Make no mistake, NATO's eastward expansion has never been an "answer" to Russia's "behavior" as the military bloc claims, but the alliance's long-term strategy which was implemented step-by-step starting from the end of the Cold War, according to Szamuely.

"Now, of course, it's a little different because after the war they know that whatever the final outcome will be, Russia will extend its control of the Black Sea coastline. Now, they already have some of that because they control the southeast of Ukraine. (…) If [Russia] take[s] Odessa and they build a kind of a landline through to Transnistria, then, of course, the plan to control the Black Sea will have been destroyed," the expert said.


Russia Has No Incentive to Attack NATO

Despite the Biden administration and NATO leaders claiming that Moscow is eager to attack the alliance's member states if it is "allowed" to win in Ukraine, Russia clearly does not harbor any plans of that kind, according to the scholar.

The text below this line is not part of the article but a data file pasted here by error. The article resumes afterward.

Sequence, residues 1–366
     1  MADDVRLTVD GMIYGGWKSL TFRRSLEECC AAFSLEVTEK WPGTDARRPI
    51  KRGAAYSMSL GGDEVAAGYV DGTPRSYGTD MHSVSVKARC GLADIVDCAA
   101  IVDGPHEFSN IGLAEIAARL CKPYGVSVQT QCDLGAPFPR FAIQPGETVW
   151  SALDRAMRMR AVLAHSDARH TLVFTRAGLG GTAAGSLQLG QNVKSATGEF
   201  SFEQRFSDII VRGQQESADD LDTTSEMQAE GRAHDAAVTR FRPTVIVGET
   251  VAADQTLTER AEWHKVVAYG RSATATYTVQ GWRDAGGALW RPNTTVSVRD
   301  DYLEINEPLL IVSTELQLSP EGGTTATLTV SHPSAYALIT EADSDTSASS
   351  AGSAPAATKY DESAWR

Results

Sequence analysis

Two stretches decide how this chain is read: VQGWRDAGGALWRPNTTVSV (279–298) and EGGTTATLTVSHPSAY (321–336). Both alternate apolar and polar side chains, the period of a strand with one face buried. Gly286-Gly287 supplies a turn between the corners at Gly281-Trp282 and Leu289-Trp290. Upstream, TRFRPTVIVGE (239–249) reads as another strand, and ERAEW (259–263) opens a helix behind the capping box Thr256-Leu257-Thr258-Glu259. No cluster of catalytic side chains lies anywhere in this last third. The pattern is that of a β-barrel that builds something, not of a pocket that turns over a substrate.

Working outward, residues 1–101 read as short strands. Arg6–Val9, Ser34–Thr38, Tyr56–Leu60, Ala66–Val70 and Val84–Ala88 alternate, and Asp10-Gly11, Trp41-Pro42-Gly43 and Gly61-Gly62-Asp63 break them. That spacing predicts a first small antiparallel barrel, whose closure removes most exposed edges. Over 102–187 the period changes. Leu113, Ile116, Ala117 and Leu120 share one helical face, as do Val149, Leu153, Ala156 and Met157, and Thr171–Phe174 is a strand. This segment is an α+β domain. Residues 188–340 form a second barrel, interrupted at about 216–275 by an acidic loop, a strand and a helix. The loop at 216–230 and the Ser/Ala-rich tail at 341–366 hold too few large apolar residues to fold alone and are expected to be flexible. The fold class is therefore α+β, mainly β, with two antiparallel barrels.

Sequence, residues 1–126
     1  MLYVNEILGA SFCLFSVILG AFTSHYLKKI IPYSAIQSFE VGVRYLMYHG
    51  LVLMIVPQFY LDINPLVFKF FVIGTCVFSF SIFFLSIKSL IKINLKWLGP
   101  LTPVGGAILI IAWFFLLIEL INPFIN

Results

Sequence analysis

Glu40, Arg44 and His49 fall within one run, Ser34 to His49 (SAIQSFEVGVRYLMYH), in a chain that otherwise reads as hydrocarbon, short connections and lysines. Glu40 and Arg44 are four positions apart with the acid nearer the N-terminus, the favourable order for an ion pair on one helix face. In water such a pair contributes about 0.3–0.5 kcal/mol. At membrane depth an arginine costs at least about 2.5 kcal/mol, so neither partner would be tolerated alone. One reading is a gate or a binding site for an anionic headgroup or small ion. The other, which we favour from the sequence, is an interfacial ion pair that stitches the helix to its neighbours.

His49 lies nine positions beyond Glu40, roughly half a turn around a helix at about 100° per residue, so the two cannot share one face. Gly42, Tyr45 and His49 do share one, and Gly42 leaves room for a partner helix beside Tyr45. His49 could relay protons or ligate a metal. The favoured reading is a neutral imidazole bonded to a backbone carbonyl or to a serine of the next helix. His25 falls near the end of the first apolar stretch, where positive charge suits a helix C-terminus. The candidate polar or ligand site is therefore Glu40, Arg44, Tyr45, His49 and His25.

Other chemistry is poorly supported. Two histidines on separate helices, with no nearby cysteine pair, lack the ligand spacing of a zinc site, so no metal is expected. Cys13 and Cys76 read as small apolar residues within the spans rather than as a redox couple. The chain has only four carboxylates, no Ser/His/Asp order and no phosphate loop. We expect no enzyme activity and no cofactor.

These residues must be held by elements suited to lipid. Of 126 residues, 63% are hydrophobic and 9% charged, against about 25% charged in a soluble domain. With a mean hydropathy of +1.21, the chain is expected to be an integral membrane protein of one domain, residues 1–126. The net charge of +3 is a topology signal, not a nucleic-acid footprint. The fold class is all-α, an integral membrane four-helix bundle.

The West's outlandish assertion is "the only way that they can persuade the public to support a foreign policy that the public obviously doesn't support," Szamuely explained, adding that "it hasn't been very successful so far." 

"They have to present it in a way that Russia is the aggressor, whereas in fact, the reality, and this was obviously kept very much away from the public, the reality is that this war was provoked by NATO expansion. It was NATO that was acting in an aggressive way, it was NATO that pushed its borders right up against Russia, it was NATO that wanted to incorporate so many satellite states within its borders. And indeed, this is NATO that is building this huge air base near Constanta," the researcher concluded.